FDA grants emergency use authorization to COVID-19 antibody drug
The Food and Drug Administration (FDA) granted an emergency use authorization for a COVID-19 antibody drug made by GlaxoSmithKline (GSK).
Sotrovimab, an investigational monoclonal antibody therapy, has been authorized for treating mild to moderate COVID-19 in adults and pediatric patients aged 12 years and older who are at high risk for progressing to severe COVID-19, the FDA said in a statement.
The drug is not for patients who are hospitalized due to COVID-19 or those who require oxygen therapy.
GSK developed the drug with Vir Biotechnology.
The companies said in a separate statement that the treatment will be available for appropriate patients in the U.S. “in the coming weeks.” The companies further said they plan to file for full approval of the treatment “in the second half of 2021.”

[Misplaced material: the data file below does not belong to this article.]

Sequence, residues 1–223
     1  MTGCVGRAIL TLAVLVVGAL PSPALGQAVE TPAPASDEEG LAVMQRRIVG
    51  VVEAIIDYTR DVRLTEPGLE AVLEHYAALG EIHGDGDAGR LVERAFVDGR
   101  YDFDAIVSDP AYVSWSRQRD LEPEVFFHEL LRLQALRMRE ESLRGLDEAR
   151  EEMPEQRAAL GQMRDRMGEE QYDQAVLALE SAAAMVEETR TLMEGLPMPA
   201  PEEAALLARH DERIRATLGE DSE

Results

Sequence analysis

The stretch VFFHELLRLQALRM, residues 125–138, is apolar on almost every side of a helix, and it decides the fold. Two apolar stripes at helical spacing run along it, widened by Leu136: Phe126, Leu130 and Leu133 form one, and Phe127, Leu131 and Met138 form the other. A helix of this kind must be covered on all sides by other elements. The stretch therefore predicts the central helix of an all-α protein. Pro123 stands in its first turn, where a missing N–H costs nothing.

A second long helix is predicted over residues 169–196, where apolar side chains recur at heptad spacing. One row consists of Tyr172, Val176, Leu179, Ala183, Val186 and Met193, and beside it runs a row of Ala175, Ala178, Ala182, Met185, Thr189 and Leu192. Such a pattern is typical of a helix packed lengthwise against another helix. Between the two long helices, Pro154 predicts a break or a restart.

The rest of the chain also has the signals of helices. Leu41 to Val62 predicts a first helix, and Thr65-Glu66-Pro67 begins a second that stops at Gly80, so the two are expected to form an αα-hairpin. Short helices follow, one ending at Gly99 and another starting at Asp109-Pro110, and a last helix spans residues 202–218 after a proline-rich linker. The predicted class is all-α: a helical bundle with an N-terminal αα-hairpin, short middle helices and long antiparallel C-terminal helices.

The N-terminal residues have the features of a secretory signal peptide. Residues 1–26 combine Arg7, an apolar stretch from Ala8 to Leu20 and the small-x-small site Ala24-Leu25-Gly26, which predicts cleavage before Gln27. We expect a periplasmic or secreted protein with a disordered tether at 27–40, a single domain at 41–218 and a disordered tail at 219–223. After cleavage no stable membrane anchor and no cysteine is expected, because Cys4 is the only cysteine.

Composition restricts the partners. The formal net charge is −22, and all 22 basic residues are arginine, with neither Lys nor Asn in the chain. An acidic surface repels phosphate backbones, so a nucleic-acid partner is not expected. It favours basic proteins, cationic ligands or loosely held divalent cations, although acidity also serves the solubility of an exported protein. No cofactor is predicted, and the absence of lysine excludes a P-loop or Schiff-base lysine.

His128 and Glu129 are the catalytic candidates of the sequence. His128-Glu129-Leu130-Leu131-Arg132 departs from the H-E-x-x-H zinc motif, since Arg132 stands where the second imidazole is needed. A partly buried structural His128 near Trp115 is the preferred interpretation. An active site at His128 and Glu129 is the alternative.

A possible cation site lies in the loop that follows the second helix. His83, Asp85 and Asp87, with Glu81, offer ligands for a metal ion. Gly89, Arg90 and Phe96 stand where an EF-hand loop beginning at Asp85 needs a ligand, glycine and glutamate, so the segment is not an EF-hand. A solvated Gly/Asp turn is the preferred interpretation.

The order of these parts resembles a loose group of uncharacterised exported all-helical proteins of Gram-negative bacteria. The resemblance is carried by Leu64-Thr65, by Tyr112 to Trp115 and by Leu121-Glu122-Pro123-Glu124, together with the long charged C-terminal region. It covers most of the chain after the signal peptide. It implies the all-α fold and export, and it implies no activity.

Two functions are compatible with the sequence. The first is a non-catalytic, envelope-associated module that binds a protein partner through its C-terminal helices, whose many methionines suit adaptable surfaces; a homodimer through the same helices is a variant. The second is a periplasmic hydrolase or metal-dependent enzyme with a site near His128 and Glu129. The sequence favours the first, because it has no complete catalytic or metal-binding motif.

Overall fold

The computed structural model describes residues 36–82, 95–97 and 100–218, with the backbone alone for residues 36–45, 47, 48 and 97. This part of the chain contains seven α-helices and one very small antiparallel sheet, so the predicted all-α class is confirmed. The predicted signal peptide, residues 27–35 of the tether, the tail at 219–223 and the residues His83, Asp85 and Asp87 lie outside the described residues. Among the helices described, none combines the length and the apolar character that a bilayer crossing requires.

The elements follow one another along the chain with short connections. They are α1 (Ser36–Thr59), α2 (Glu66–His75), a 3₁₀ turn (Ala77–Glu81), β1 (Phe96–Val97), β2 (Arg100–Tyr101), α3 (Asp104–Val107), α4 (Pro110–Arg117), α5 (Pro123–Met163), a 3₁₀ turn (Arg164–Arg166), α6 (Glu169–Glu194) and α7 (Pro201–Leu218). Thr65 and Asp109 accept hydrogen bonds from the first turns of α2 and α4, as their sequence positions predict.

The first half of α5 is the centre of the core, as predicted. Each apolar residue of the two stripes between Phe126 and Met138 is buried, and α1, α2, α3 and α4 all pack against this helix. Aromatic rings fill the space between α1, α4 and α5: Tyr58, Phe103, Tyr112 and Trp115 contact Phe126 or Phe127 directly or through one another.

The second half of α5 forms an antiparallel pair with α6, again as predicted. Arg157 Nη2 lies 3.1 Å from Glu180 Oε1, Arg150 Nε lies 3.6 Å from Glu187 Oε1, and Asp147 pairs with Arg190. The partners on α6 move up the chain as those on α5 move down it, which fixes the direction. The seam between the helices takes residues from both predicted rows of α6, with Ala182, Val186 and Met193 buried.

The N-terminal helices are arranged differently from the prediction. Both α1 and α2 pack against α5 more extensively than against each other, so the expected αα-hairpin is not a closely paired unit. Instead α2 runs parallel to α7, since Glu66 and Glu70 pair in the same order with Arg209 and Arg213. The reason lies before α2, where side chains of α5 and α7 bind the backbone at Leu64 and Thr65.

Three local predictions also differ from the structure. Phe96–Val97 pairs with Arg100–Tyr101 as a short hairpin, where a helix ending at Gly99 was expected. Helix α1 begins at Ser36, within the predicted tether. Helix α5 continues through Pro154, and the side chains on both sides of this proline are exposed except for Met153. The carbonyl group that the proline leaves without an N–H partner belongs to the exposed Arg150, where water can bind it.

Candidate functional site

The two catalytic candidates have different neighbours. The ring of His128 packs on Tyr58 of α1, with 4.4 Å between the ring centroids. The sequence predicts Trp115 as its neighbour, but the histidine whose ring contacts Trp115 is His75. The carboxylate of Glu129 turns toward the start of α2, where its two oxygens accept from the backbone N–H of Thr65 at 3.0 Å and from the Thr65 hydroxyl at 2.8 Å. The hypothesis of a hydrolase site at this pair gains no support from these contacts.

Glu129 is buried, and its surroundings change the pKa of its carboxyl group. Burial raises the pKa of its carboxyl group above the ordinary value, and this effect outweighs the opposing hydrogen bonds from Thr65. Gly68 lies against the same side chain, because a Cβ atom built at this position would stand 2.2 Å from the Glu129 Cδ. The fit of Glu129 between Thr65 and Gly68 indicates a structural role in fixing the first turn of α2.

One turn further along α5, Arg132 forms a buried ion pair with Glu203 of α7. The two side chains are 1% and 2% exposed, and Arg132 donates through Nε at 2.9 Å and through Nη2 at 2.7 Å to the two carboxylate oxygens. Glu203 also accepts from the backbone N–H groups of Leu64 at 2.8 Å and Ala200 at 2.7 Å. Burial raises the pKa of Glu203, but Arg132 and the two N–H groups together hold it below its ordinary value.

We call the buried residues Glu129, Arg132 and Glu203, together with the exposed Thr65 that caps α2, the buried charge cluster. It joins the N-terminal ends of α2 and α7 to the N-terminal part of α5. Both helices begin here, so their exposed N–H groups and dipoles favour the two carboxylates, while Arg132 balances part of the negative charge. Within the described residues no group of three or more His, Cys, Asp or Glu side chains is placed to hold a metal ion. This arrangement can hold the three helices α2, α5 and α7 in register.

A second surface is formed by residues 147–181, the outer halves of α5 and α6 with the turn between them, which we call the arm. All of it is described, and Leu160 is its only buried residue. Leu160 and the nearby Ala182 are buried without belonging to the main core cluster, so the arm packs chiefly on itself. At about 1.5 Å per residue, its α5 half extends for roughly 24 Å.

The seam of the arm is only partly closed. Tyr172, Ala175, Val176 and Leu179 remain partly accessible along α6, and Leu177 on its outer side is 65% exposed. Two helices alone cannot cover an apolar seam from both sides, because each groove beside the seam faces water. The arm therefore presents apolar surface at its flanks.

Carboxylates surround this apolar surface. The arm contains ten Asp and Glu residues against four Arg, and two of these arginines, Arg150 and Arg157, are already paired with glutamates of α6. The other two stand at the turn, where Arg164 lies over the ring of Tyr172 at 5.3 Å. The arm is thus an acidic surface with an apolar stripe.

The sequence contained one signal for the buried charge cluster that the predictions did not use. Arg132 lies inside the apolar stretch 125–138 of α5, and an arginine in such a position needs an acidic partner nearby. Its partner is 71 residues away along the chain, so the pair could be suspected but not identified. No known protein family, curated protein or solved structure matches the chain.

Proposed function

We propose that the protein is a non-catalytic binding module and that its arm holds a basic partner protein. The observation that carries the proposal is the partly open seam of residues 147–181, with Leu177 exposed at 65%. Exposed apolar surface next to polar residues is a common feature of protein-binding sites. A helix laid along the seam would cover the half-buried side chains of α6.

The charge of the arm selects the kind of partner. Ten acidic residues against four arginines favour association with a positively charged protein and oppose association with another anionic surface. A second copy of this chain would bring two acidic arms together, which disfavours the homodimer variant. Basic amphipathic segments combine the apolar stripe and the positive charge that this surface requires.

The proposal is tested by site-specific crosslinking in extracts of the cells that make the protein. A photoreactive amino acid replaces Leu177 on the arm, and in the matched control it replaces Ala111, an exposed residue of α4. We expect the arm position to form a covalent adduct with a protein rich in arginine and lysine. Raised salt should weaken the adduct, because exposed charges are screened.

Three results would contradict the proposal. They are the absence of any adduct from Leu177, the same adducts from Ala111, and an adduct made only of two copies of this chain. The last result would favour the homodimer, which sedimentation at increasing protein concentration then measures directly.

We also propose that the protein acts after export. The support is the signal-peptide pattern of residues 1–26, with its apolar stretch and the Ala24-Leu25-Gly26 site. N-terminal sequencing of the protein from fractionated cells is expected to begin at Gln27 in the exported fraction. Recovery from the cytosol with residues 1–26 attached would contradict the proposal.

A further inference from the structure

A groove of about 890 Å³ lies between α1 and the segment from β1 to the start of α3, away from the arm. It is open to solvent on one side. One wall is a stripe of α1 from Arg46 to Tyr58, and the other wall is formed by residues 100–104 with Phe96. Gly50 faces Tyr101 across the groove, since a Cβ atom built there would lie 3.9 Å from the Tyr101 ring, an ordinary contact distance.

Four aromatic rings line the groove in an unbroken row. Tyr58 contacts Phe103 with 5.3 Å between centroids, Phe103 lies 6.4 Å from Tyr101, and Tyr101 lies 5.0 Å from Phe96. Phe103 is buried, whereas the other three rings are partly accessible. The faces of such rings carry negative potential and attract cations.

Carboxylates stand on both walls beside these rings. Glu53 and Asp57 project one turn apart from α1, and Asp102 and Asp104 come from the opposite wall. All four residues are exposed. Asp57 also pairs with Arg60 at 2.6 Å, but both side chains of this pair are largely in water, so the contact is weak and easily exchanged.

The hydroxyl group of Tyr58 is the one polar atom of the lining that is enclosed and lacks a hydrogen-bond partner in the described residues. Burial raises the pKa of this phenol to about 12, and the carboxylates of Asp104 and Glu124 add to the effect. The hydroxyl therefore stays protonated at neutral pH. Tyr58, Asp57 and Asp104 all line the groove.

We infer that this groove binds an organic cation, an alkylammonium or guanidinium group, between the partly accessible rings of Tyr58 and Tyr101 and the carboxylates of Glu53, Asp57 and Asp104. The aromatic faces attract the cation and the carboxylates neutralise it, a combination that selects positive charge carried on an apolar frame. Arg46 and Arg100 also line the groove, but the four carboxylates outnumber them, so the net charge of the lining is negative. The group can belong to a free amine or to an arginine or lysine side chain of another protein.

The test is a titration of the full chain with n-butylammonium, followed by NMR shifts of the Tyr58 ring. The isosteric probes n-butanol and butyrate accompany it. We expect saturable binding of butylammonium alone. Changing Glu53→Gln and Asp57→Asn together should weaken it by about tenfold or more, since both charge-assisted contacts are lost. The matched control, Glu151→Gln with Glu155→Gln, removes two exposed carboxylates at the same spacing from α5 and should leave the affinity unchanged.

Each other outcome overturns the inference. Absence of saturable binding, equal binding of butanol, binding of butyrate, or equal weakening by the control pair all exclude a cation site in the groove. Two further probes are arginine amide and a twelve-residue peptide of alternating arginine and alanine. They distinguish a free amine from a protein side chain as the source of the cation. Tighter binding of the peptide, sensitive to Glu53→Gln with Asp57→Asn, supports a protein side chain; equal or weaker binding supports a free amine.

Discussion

GSK and Vir said the drug was shown to reduce the risk of hospitalization or death in high-risk adults by 85 percent in a trial of 868 patients.
The most common adverse events in the treatment group were rash and diarrhea, which were mild or moderate.
The company also said that data from lab studies shows that sotrovimab “maintains activity against all known circulating variants of concern,” though the clinical impact of the data is not yet known.
Monoclonal antibodies are lab-made proteins that mimic the immune system’s ability to fight off viruses.
Former President Trump praised an investigational monoclonal antibody made by Regeneron Pharmaceuticals that he was treated with when he contracted COVID-19 late last year. The FDA authorized that treatment in late November.
Another treatment from Eli Lilly has also been authorized by the FDA.